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Humans as ‘Stewards of the earth’: Mya Kerner’s art and devotion to mountains!

November 6, 2018

Mya Kerner is a Seattle based painter and sculptor. In her words, ”Inward, then outward, guided by the space between stones” – epitomises her devotion to the mountains. Says Mya “I regard the mountains as stoic icons reflected by mortality, records of the movements of the earth and the torrents of the sky”. In this interaction she highlights our role as ”stewards of the earth” and warns about ”Western civilization’s excessive anthropocentrism’. A rare artist on her ascent to greatness!


Q: The stark and rugged beauty of North American mountains seem to challenge your creativity almost exclusively?

A: Previously, when my work explored the idea of distance, I chose from a broader range of mountains. I was interested in learning about places and formations I had not experienced myself. These days, I like to respond to a specific place of which I have my own memories, so I am painting from locations I have visited. This includes the landscape of the Pacific Northwest, my home, as well as some in Europe and Scandinavia.

Q: The intense focus on the form, texture and nuance/s of your current passion kind of blurs out any flora. There is virtually no sky either in your scheme of things?

A: In my process, I focus on a specific subject for a length of time before expanding the subject matter in the painting. My partner, Zak Helenske, often likens my painting process to that of a potter; each painting is a continuation of the last. When I began painting mountains in 2016, I only painted the peaks. My focus then was on the geologic formations and capturing the ever-changing view of the mountain. Once I felt confident in how I portrayed the peaks, I moved down to the foothills, developing marks to represent the visual boundary of horizontal and vertical. More recently, I have moved into the foreground. In this space, I am working on a language for the rocks. This is not a planned progression, just a tendency I have noticed over the years. I’m not sure what will come next, maybe a sky, maybe flora, maybe a completely different subject all together!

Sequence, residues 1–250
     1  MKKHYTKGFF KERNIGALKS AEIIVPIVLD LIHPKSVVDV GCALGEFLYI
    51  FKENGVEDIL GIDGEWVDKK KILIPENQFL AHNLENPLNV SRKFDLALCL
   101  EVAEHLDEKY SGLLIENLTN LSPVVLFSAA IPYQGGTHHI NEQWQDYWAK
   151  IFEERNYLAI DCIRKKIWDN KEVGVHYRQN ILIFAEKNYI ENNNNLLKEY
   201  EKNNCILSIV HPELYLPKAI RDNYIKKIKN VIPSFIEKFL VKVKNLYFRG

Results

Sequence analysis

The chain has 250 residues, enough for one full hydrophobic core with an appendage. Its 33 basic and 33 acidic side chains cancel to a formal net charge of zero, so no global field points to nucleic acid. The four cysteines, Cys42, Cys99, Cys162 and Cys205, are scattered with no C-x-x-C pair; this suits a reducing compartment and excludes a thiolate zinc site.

Q: Do the Himalayas, Alps or the Andes at all beckon your attention?

A: Yes, definitely. I am interested in the differences found in geological formations across the Earth.

Q: In terms of colours you generally choose white as your background and a dominant interplay of black and grey in the foreground? Is this how one should expect it to stay?

A: In this series, I feel strongly about keeping the sky as white. This may come from living under the solid grey or white sky in Seattle for at least half the year. For the last two years my color pallet has been primarily different shades of blue. I was thinking a lot about distance in these works, and so blue felt appropriate. However, as my focus has started moving down into the foreground, more colors have found their way into the work.

Q: Humans as ‘stewards of the earth’! How does this conflict with excessive anthropocentrism?

A: My understanding in this role comes from my studies in permaculture, a system of principles relating to agriculture and society, developed by Bill Mollison and David Holmgen in the 1970s. The underlying ethics of permaculture are care of the Earth, care of people, and return of surplus to the Earth and people. When living these ethics, there is no room for anthropocentrism because the system is inherently interconnected. There are many mythologies which place humans in this role within the land, however, there are examples throughout history where civilizations collapsed due to an abuse of the land. I would say that the Enlightenment created the greatest rift, when we began to see nature as resource rather than Source and from this emerged Western civilization’s excessive anthropocentrism.

Q: How does one break the stoic silence of your subject matter – so as to wake up the mankind to the ‘unpredictability and grandeur’ that they represent?

A: This is a question I continue to explore in my work.

Q: If you were to consider composing suitable music what could it be – to be compelling enough a wake up call?

A: I am not sure. I think White Wanderer was a successful attempt at answering this question. In the public sound piece, Luftwerk used Douglas MacAyeal’s recordings of moving glaciers to create a soundtrack for climate change.

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